The terms Big Data, Cloud, and the Internet of Things (IoT) are bandied about freely, but not well understoodat least in the engineering sense. What is easily grasped, though, is that larger returns can be expected when the system is designed properly.

The potential of the IoT is breathtaking: Imagine a sea of sensors, put out in the field by multiple vendors (complying with specifications only in an informal sense), sending out terabytes of data available to anyone. Also envision applications (that can be written by anyone) filtering out the “nuggets” of valuable information for decision makers.

Dr. Dennis Curry, of Konica/Minolta, even hinted that “cognition” at the IoT level would be possible in his white paper Genius of Things:  “The real promise of the IoT [is] its potential to deliver such a leap of insight about the world around us. Only when this becomes a reality will we understand the true genius made possible by connecting many things together.”

Sounds like a kind of nirvana, doesn’t it? But don’t forget that technology doesn’t just happen, somebody somewhere has to create it. And when it comes to the IoT, that means the ability to navigate the countless choices and tradeoffs inherent in any complex system and manage the consequences of the decisions made. Take data.

Every day, data gets delayed while traveling through the network without catastrophic consequences. Tomorrow, though, a stock trade “trigger” could be delayedcosting billions. Key economic indicators could be lost, setting off large economic movements. As with today’s Internet, tomorrow’s IoT developers will need to ensure that the right data gets to its destination in a timely fashion.

Want to move terabytes of data around a network? Recognize it ain’t all free. Engineers also must be concerned with things like whether all of the high-priority data will get through. Will any data be lost? How will you know? If a piezoelectric sensor detects a crack in the drill pipe, will you get the notification, or will it get out-prioritized by the ambient air temperature-reading made every ten minutes?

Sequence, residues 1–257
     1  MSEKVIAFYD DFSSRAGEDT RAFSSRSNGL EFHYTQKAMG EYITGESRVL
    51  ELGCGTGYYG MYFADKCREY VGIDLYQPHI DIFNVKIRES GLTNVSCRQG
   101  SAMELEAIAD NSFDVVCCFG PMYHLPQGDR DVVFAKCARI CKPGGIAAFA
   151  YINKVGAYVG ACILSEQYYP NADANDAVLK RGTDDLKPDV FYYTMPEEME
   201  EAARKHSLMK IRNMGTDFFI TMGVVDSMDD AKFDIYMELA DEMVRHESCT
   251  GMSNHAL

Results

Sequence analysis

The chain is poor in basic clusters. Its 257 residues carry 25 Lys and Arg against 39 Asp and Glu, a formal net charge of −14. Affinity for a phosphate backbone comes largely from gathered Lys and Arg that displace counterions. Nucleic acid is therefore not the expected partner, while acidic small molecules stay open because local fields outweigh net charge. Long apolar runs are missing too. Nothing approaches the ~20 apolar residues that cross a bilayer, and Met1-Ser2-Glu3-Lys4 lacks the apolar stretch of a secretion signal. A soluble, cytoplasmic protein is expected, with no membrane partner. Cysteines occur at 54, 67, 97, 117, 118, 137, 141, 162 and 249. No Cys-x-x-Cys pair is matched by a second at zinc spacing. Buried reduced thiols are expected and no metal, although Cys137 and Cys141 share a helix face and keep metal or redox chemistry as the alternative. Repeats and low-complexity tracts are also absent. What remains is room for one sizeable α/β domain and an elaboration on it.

While the promise of the IoT is that the right data is out there waiting only to be collected to help us make better decisions, a little design rigor will help to ensure it.

At the risk of “being the hammer that thinks everything is a nail,” I think that Systems Engineeringan interdisciplinary field of engineering that focuses on how to design and manage complex engineering systems over their life cyclesconcepts apply equally well to the IoT as they do in the design of any complex system.

Allow me to relate a lesson from early on in my career. If you remember the big move from 7400-series logic and PLDs to Field Programmable Gate Arrays (FPGAs) in the early 1980s, you know that the first designs were just “tossed in” and the FPGA software worked its magic.

Yes, we tossed the working design into the FPGA, and—guess what? It no longer worked. Only after weeks of painstaking simulations and re-routing signals to “clock spines” were we able to get a functional design. A bit of rigor on the front end of the design would have pointed out the critical setup/hold time areas of the circuitry and reduced design rework.

Systems Engineering has many different aspects to it, but it all starts with the basic question, “What do I really want to know?” From this basic question, requirements are derived and analyzed against a target architecture, an iterative process that may require changes to both, many times.

Once a project is underway, methods of Integration are planned in order to provide Validation (did we build the right system?) and Verification (did we build the system right?) of the Requirements.

Other systems engineering principles include: Peer Review, studying Defects (which are a fact of work), processes for Quality, and compliance with Standards.

You know the more I think about it, the more I realize that engineering for the IoT is the same as it’s always been for any complex system: Add structure to the design process to ensure success.

Dwight Bues is a Georgia Tech Computer Engineer with 30+ years of experience in computer hardware, software, and systems and interface design. He has worked in Power Generation, Communications, RF, Command/Control, and Test Systems. Dwight is a Certified Scrum Master and teaches courses in Architecture, Requirements, and IVV&T.